As I started writing this I found myself using medical terms and numbers and data. Then it dawned on me that that’s not what I needed when I found out my husband had testicular cancer. I got that from the doctors and pharmacists and nurses.
What I needed was for someone to acknowledge that this SUCKS!
It’s scary, shocking and sucky! Did I mention it sucks?
The waiting and the unknowns are the worst part!
Will this affect fertility?
What’s chemo like?
Does he need chemo?
What’s the difference between seminoma and non?
How do we qualify for medical taxis?
Why do you have to use condoms after chemo?
Where do you find sperm banks?
How long do we have to wait for results?
How big is a millimeter?
Why are the stages different for testicular cancer?
This Reddit article says this, is that right?
Do we need a second opinion?
What does rplnd stand for?
On and on and on.
Then you wait some more… and have more questions.
Doctors kept saying “This is a survivable cancer! If you’re going to get cancer this is the one to get.” I appreciate a little dark humor and I knew this was true. But when you hear cancer you think death. That’s just where your mind goes. Here I was 26 looking at my 27 year old husband and I started planning his funeral.
That’s dark I know but that was where my head went.
Then the survivor’s guilt started to sink in. I started to feel guilty that he was going to live. So many people get cancer and die. This wasn’t going to happen to Wil and I felt as if my worry was invalid. It’s not! But it’s hard to shake “someone’s got it worse” mentality.
I started focusing on tasks. Things I could do to get us through it. This looked like picking up prescriptions, making Wil butter noodles, figuring out which popsicles were fat free (after the rplnd you cannot have fat), texting our loved ones updates, writing thank you cards, shaving his head when his hair started falling out and packing his chemo bag.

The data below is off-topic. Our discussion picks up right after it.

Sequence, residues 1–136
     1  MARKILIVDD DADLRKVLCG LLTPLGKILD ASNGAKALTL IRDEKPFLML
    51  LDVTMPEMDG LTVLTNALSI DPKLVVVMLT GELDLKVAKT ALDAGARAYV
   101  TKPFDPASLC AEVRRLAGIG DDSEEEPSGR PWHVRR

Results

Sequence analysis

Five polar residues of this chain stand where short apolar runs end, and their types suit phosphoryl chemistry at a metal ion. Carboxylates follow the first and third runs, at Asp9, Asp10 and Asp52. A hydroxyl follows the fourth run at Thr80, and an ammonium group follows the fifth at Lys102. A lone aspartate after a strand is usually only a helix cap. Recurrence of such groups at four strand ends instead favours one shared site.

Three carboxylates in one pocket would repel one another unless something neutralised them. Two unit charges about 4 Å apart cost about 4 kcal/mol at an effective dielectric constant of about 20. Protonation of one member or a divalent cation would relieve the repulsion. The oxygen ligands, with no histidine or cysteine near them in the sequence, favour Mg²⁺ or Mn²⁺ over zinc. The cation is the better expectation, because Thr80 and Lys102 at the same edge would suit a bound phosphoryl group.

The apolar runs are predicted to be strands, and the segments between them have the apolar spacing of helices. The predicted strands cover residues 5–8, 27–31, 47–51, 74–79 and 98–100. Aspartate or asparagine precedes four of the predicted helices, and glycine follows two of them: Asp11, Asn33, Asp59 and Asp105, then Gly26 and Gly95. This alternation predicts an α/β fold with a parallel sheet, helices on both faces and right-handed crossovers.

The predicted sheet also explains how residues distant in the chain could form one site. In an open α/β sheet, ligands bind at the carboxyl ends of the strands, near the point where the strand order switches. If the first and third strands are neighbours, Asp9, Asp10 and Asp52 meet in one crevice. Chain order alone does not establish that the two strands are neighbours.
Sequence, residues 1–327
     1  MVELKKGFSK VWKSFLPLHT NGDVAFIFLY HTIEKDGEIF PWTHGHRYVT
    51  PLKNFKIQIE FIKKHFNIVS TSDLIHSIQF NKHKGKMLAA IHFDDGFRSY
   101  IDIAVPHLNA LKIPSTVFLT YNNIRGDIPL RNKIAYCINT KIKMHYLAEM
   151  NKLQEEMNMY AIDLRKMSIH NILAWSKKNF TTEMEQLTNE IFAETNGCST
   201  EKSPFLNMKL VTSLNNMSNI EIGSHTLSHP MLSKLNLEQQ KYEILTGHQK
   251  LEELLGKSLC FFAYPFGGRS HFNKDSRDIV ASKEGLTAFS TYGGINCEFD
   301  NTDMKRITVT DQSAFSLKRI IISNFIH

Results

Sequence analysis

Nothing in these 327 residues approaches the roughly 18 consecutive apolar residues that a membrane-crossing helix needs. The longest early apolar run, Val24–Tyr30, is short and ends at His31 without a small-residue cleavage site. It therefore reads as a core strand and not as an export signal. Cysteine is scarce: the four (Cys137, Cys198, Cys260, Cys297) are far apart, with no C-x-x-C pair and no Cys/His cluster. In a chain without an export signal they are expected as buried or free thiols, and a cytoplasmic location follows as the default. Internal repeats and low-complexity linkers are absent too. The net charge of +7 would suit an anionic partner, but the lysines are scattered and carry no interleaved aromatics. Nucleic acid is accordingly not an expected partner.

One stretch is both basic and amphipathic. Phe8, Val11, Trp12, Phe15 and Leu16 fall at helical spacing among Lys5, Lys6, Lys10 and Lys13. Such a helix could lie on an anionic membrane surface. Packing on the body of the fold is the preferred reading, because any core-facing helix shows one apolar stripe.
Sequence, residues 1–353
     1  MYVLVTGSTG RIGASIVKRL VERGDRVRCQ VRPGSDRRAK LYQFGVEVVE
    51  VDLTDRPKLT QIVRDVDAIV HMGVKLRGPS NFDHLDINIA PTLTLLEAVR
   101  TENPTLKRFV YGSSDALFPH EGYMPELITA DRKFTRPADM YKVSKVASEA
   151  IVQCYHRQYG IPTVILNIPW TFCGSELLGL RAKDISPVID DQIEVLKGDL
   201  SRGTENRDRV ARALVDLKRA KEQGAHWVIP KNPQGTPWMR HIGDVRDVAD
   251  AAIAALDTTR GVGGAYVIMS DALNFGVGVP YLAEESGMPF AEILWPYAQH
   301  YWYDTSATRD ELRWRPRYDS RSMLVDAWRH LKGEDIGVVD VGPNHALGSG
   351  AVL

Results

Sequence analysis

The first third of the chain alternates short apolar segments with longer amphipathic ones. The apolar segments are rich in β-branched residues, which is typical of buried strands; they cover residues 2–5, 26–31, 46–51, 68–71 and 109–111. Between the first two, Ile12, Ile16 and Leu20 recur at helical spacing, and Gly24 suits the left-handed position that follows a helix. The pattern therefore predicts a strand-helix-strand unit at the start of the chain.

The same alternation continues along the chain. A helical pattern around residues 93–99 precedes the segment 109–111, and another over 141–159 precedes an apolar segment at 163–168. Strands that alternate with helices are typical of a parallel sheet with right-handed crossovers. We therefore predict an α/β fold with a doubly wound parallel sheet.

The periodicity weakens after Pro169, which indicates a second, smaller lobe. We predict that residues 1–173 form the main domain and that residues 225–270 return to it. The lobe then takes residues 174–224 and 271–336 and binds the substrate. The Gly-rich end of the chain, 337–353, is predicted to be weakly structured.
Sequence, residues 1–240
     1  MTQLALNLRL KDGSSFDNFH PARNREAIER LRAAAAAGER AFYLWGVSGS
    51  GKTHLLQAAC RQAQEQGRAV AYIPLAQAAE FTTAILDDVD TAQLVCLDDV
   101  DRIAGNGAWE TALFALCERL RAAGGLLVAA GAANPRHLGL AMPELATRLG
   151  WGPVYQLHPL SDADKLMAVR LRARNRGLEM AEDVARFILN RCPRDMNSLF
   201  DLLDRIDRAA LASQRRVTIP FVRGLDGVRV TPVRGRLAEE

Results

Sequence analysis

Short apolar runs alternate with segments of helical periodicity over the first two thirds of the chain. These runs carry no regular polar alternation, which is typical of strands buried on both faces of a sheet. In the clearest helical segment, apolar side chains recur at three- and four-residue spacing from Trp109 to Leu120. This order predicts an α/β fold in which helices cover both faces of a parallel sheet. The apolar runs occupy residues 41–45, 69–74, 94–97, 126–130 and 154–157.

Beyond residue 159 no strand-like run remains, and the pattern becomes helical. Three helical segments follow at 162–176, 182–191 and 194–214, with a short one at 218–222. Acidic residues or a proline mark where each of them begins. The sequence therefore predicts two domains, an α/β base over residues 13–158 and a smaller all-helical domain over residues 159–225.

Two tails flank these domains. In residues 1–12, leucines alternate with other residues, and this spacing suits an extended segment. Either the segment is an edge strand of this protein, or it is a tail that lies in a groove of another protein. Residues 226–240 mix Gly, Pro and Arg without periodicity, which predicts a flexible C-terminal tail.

I started focusing on me! I kept up with running so that I could get out of the house, I called friends for non cancer chats, I splurged on some amazing tea from David’s tea, I kept up with my health coaching business.
I started focusing on being grateful for the good days! Days that he ate, days that he slept through the night, days that he laughed.
I started focusing on the amount of love and support we were getting.
But then this made me feel as if I was doing cancer wrong. I genuinely hated being a caretaker. I didn’t want to beg him to eat or set alarms for prescriptions or take notes at the hospital! But I did, because I had to. We would laugh and joke sometimes. It’s kind of a funny situation if you let yourself think about it, especially sleep deprived. I was pretty okay most days and it made me feel bad. I wasn’t allowed into the chemo ward because of covid and I felt guilty for working. I know there’s no wrong way to handle cancer but it sure feels like there’s no right way either.
I wish I had some grand piece of advice that makes it suck less, but I don’t. All I know is taking it one day at a time is all you can do. And you will do it, because you have to.
People will say things like, “wow you’re amazing! I couldn’t do that!”
Yes you could! Luckily you just don’t have to!
Your thoughts and feelings are valid.
You’re not doing this wrong.
You have to take time for yourself!
Please know that you cannot be a caretaker without taking care of yourself.
If you need to talk, please reach out!
My teste besties and this tc community have been vital.